and properties of the molluscs and crustaceans hazardous to the timbers in the
seas surrounding Turkey have been identified.
There is considerable evidence indicating the existence and
application of this technology in ships built specifically in the reign of
Sultan Selim III. There were at least 40 ships that were sheathed with copper
between the years 1789 and 1802, mostly galleons, frigates and corvettes. This
figure must have been higher considering the imperial edict issued in 1795–96.
Indeed, it shows that the application of copper sheathing to ships proved to
bear good results and it led the Sultan to order the authorities to try hard to
outfit the remaining ships using this technology. Firmans ordering the copper
sheathing of ships were issued repeatedly. For instance, in a firman dated
1795–96, copper sheathing and painting were ordered for river ships (ince
donanma gemileri) when they were at anchor. Following the copper sheathing of
Arslan- i Bahrî and fiehbâz-i Bahrî, the same application was ordered in 1795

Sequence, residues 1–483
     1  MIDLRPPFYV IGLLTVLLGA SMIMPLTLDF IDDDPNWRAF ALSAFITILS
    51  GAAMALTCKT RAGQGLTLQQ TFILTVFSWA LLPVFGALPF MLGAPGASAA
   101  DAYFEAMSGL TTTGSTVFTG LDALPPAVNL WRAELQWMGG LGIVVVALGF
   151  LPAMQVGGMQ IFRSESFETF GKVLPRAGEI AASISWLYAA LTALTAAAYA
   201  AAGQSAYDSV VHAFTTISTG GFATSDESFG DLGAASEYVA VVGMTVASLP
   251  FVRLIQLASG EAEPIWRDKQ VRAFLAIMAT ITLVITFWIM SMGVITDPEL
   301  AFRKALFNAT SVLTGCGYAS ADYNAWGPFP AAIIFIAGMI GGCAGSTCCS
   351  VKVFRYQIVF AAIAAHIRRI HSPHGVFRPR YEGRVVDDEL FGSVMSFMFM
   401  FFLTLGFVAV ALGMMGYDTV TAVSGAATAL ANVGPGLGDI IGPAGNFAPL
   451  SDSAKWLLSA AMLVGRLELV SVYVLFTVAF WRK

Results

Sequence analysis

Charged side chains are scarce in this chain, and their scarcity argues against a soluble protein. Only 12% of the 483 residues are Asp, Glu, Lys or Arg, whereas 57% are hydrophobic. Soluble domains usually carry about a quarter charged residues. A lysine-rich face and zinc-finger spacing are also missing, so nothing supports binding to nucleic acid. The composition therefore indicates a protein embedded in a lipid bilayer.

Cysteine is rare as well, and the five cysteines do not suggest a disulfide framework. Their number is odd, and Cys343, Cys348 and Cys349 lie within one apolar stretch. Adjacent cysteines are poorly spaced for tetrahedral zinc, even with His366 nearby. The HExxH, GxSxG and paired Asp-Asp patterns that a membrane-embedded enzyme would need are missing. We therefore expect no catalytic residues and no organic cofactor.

for Pertev-i Nusret, Ejder-i Bahrî, Âsâr-i Nusret, Bahr-i Zafer and another
three-decked galleon under construction. The estimate amount of raw copper
required for all five ships was around 60,000 kiyyes. Since this process
required casting very thin copper sheets processed twice, the copper coming
would not be suitable; instead, that from Kastamonu or Ergani would be needed.
It seems that copper-sheathing technology was limited to warships at the time.
Mahmut Raif Efendi described copper sheathing in his account
as well. He wrote that all the shipmen shared the idea that copper sheathing
was the best way to protect ships. He noted that three ships, a three-decker of
67 zirâ and six kâne, a frigate of 55 zirâ, a corvette of 37 zirâ, and a boat
(filika) for the Sultan were launched in a single day, which was something
previously unseen. The year before (1797), all of them had been sheathed with
copper, and more ships were to be sheathed in 1798. Therefore, it would not be
misleading to regard most of the ships, especially warships constructed after
1795–96, copper-sheathed. Also, the prize ships and the ones received as
presents would increase the number of shipped that were copper-clad at the
The earliest document found during this study indicating the
Ottomans’ application of the copper-sheathing technique dates back to
1792–93141 In that year, the Ottoman government ordered the copper sheathing of
a new galleon, and copper merchants were ordered to prepare copper planks on
certain models. Once the copper sellers saw the model, they declared that the
production of the model was different and would be more difficult than the one
they had used previously, and therefore it would require more labour and money.
Then the merchants were presented with lumps of unrefined copper for the